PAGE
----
For Teacher Appreciation Week, we highlight the dedicated educators who inspire stewardship of Alaska’s ocean and watersheds.
NOAA’s Ocean Guardian Program works with schools throughout the country to promote the conservation of local watersheds, the ocean, and places like national marine sanctuaries. Each school creates local projects to create environmentally sustainable events and programs that benefit the community and our planet.
In Alaska, the program began in Juneau and has spread to Anchorage, inspiring the next generation of students to care about our shared waterways.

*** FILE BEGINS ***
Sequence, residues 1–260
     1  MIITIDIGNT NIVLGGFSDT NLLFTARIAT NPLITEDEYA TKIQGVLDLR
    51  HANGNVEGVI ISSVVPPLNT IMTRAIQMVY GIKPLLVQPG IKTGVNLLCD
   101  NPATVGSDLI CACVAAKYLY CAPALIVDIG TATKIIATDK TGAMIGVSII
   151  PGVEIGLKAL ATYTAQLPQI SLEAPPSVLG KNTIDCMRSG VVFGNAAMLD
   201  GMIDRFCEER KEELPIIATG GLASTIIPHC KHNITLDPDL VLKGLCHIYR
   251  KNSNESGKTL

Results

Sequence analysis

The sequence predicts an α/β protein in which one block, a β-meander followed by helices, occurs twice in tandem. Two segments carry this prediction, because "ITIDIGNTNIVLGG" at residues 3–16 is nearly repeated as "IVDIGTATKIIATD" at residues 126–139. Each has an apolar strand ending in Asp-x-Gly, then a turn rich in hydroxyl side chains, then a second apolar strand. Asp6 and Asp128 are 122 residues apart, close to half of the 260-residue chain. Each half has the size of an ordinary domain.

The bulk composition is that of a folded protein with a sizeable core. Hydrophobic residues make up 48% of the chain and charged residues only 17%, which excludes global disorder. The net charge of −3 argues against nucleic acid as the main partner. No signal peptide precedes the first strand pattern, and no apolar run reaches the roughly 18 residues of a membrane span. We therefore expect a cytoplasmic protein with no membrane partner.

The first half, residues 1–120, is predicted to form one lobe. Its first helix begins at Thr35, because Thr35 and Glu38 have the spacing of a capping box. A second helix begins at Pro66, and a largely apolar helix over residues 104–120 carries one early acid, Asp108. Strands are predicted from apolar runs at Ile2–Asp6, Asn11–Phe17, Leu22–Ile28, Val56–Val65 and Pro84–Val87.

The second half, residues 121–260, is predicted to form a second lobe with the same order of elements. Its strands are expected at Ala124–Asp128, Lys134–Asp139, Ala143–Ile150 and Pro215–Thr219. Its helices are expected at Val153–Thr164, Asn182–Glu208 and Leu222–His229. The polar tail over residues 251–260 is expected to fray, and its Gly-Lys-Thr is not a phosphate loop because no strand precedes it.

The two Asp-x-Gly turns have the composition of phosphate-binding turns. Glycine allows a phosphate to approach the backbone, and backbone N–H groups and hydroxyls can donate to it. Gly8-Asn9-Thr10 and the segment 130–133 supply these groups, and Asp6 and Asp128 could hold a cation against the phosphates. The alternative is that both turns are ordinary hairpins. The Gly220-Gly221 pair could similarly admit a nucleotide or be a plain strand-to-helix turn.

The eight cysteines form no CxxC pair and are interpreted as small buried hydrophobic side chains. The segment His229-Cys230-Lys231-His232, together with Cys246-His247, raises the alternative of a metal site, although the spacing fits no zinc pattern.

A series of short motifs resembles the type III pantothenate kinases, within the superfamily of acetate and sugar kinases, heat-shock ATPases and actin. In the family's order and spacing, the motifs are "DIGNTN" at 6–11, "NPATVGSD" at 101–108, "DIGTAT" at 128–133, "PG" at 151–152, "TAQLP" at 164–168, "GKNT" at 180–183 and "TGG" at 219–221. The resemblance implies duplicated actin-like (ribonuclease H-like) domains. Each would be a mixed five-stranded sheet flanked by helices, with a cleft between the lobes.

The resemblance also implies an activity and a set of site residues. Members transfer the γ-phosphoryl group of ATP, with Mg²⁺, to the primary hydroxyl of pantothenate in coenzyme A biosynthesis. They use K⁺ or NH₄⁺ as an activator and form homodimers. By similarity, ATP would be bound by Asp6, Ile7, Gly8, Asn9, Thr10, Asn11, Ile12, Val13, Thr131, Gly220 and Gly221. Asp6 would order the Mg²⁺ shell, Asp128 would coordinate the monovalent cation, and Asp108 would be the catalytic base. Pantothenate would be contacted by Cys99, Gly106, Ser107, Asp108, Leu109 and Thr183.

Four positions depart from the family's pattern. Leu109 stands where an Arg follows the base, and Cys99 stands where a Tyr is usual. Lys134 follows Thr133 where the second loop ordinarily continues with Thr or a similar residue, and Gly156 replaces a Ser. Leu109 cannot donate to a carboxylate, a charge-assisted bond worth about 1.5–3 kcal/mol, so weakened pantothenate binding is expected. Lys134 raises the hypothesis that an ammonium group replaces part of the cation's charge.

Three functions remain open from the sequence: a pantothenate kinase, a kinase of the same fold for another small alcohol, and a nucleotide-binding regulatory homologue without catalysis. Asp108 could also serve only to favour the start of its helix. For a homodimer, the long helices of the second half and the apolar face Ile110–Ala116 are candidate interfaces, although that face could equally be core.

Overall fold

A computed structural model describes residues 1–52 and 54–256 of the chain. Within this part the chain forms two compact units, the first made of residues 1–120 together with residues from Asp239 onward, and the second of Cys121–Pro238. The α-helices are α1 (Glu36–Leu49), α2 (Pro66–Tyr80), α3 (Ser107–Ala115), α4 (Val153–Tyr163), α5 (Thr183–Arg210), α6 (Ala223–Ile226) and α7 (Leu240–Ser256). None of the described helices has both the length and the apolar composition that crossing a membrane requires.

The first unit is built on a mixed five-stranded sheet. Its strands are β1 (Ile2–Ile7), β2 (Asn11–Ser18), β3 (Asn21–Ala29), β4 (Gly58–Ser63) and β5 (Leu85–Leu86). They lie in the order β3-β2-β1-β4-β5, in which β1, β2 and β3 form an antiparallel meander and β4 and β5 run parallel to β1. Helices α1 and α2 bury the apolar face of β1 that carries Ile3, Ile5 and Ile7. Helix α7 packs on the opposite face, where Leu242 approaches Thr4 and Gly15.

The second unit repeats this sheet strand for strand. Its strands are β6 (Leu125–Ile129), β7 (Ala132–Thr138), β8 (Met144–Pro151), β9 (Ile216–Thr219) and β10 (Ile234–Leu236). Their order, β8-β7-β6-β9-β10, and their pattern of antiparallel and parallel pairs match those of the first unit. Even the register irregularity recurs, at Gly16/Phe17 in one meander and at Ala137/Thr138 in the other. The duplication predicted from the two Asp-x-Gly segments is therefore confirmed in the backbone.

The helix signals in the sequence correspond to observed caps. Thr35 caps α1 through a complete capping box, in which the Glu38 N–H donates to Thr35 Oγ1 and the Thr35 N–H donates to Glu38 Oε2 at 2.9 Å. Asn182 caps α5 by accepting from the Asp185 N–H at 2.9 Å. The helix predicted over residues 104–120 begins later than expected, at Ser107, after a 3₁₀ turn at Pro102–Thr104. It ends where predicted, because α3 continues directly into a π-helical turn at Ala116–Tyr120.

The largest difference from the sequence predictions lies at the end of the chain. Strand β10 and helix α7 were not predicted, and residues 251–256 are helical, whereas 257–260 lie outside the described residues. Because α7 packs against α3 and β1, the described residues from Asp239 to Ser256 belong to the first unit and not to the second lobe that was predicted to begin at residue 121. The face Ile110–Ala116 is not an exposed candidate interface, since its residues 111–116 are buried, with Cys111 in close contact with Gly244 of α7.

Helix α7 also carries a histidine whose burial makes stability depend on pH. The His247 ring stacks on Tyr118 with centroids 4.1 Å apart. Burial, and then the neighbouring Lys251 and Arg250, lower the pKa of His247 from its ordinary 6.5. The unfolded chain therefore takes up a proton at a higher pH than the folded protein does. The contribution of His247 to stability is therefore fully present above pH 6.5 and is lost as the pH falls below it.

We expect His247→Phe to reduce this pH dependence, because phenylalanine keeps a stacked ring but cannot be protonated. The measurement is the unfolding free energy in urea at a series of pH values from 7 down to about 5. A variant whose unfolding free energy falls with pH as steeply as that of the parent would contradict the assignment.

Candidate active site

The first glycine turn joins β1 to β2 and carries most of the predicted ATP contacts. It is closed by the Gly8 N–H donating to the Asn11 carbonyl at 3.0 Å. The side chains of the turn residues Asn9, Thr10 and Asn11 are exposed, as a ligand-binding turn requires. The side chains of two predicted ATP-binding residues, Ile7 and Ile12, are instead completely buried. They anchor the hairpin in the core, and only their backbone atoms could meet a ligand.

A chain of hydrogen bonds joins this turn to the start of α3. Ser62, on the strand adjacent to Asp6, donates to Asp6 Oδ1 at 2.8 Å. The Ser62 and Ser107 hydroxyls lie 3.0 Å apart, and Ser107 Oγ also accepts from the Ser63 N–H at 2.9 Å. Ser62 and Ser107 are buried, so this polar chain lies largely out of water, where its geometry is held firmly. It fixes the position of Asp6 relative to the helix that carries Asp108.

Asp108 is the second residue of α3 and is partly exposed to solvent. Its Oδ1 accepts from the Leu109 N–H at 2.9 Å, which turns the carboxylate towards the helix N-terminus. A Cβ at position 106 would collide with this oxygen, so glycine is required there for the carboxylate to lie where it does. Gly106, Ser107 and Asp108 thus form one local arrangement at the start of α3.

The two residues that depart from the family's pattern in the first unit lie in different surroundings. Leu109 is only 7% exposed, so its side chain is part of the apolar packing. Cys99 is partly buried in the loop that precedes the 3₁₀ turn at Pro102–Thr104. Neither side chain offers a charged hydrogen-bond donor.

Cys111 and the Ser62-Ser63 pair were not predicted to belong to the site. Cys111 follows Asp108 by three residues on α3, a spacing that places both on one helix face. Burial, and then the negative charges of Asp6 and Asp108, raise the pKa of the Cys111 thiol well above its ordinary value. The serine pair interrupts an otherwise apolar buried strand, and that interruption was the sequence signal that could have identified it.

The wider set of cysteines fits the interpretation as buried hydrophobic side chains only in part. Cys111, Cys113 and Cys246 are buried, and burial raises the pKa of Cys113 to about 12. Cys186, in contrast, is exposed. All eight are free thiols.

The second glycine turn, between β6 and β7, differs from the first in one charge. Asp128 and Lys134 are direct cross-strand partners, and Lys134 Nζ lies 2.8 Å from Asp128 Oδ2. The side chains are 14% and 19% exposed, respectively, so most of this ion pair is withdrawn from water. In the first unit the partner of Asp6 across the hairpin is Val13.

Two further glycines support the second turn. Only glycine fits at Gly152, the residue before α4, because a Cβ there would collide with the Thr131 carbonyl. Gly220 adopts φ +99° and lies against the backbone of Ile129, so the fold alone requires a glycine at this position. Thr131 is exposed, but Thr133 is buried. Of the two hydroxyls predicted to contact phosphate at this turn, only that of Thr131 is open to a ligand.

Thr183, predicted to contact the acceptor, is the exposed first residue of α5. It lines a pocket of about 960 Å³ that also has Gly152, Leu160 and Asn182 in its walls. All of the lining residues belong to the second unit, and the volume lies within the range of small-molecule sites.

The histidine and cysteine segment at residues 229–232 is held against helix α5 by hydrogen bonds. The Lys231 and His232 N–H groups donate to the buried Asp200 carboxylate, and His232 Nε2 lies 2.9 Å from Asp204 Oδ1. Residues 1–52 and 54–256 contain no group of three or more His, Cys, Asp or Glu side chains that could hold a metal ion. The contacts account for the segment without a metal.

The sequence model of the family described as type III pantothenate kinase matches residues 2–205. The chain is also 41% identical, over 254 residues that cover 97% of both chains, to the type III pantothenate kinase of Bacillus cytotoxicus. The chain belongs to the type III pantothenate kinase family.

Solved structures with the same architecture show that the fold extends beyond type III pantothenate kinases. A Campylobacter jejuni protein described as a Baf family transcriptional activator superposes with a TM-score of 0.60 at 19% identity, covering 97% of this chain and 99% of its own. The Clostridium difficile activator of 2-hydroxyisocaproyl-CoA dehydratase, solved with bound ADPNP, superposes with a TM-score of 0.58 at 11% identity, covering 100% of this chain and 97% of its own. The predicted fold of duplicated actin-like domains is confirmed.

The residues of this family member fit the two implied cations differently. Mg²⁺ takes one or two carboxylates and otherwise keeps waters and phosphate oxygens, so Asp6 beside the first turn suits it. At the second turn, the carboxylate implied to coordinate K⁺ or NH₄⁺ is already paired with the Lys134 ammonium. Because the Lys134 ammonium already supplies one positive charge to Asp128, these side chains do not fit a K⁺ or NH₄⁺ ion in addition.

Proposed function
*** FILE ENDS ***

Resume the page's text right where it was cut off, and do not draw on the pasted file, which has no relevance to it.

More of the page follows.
In 2017, Kim Raum-Suryan, a marine mammal specialist with NOAA Fisheries Alaska Region, watched the documentary “Plastic is Forever” by 12-year-old Dylan D’Haeze. The documentary mentioned NOAA’s Ocean Guardian Program, spurring Kim to investigate the program.
She and her supervisor, Aleria Jensen, approached educators at two schools in Juneau who enthusiastically wanted to join the program. Thunder Mountain High School and Sayéik Gastineau Community School both began the Ocean Guardian Program during the 2018–2019 school year. They had no funding, but the community quickly rallied to help. The Southeast Alaska Fish Habitat Partnership donated funds to help launch the programs, and students also participated in Litter Free to raise money. NOAA Fisheries provided some staff time to advise the schools and made presentations to students about the effects of marine debris on ocean animals and habitats. In 2019, Thunder Mountain High School and Sayéik Gastineau Community School became the first Ocean Guardian Program Schools in Alaska!